Diatonic Chords of F Major Scale
How to form diatonic chords of F major scale?
F Major Scale
F – G – A – B♭ – C – D – E – F are the notes of the F major scale.
Diatonic chords are formed by stacking two generic third notes above each scale note.
F Major Diatonic Chords
These are the seven major scale diatonic chords that come from the F major scale.
Each major scale diatonic chord is labelled with a roman numeral number, and follows the same pattern:
I, ii, iii, IV, V, vi, viiº
We use uppercase roman numeral numbers to represent major chords, lowercase to represent minor chords, uppercase with a small plus sign to represent augmented chords, and lowercase with a small circle to represent diminished chords.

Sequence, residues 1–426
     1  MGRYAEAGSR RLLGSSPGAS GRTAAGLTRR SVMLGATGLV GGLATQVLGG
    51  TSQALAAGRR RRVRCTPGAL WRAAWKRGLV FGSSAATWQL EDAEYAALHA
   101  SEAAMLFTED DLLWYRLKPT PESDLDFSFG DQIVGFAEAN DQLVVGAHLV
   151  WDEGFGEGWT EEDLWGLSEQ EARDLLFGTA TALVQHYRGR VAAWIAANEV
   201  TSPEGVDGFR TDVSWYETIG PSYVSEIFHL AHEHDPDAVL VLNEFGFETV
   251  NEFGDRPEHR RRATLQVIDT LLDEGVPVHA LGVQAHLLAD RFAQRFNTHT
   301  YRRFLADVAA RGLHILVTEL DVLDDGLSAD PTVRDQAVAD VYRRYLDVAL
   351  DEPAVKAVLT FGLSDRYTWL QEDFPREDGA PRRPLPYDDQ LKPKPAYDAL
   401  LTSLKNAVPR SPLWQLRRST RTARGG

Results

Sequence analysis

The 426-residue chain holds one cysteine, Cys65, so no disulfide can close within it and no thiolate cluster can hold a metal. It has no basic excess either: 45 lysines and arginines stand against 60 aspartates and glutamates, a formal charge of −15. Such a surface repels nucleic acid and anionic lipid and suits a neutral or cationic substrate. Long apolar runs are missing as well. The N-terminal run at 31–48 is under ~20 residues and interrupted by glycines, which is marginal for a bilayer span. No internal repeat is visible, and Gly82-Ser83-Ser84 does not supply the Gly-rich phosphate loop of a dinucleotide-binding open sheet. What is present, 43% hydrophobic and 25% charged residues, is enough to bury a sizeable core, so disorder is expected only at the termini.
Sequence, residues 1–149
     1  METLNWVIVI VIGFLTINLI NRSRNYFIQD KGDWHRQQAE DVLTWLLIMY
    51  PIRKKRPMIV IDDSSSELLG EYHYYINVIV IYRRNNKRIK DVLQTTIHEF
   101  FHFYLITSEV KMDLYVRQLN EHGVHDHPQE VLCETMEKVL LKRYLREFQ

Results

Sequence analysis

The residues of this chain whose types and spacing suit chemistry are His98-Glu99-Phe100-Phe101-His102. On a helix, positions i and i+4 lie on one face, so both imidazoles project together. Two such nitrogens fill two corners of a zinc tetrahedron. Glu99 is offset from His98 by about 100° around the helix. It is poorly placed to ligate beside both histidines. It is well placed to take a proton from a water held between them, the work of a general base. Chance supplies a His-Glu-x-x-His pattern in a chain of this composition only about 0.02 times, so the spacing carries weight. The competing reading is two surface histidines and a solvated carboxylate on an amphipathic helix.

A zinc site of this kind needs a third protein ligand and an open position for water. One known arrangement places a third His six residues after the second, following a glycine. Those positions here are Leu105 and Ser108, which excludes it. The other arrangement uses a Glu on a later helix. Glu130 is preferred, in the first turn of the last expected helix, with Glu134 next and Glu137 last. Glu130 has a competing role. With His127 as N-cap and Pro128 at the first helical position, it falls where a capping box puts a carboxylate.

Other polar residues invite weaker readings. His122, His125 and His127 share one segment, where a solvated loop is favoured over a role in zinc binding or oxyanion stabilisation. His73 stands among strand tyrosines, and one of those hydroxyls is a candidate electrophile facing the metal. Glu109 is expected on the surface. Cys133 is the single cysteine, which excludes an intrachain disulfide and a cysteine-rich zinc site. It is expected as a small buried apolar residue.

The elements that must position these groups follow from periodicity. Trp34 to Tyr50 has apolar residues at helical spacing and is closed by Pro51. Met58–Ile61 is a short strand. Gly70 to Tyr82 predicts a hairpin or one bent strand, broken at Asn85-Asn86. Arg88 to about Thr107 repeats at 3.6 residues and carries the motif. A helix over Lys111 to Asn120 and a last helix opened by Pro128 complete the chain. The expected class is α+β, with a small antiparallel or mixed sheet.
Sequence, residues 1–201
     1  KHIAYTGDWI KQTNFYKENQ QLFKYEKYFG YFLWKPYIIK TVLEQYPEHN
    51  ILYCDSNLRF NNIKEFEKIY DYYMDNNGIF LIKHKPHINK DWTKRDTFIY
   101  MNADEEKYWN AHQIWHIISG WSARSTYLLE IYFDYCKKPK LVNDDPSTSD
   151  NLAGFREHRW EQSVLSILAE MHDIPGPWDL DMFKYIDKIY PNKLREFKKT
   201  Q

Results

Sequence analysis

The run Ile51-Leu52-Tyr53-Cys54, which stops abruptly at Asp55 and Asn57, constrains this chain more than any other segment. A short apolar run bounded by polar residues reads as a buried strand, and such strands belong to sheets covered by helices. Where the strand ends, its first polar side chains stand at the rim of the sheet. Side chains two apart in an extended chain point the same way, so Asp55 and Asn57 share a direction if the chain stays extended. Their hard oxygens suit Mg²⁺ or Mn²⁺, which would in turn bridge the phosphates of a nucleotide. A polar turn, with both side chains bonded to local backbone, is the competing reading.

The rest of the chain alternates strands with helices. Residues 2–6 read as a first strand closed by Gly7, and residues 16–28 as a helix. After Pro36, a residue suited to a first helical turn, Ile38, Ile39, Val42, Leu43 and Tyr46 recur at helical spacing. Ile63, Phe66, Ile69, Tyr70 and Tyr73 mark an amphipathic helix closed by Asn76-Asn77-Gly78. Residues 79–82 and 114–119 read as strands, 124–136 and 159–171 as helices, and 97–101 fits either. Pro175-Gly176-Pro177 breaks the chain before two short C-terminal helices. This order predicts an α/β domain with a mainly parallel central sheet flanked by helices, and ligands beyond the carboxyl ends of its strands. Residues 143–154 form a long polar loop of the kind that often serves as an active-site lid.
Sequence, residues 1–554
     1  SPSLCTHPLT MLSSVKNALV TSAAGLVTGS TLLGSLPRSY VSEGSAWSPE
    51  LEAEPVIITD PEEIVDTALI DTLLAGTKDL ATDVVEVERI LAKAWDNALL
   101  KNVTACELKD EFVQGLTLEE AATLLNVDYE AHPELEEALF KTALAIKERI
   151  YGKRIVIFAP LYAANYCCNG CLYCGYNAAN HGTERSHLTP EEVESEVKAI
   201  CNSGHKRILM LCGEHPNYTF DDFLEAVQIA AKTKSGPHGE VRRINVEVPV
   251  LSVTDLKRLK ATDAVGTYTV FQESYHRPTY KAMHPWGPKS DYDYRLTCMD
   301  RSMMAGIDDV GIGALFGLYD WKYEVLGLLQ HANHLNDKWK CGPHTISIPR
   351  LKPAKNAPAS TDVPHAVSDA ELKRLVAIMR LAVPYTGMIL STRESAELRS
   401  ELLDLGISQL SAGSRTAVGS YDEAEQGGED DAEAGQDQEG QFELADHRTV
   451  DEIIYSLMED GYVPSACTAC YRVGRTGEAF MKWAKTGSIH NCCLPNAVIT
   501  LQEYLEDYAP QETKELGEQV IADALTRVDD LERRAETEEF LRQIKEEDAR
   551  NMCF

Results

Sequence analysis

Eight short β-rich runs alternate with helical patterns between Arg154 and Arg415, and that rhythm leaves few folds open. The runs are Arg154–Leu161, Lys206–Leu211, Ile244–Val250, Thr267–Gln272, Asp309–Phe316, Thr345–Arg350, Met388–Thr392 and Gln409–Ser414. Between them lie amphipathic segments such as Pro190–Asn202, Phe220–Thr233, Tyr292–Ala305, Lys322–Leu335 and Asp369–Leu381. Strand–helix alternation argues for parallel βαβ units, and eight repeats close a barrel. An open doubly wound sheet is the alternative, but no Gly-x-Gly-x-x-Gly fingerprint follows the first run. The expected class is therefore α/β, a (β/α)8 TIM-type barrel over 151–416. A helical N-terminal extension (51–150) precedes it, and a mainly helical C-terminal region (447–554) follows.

First, fourth and fifth chords of a major scale will always be major chords. Second, third and sixth chords of a major scale will always be minor chords. Seventh chord of a major scale will always be diminished chords.
The seven diatonic chords formed from the key of F major are:
I. F – A – C (F major chord)
ii. G – B♭ – D (G minor chord)
iii. A – C – E (A minor chord)
IV. B♭ – D – F (B Flat major chord)
V. C – E – G (C major chord)
vi. D – F – A (D minor chord)
viiº. E – G – B♭ (E diminished chord)
These are the chords that are diatonic to the F major scale. They are directly related to the F major key and make a harmonic sound for music in the same key.
Categories: Major Scale Diatonic Chords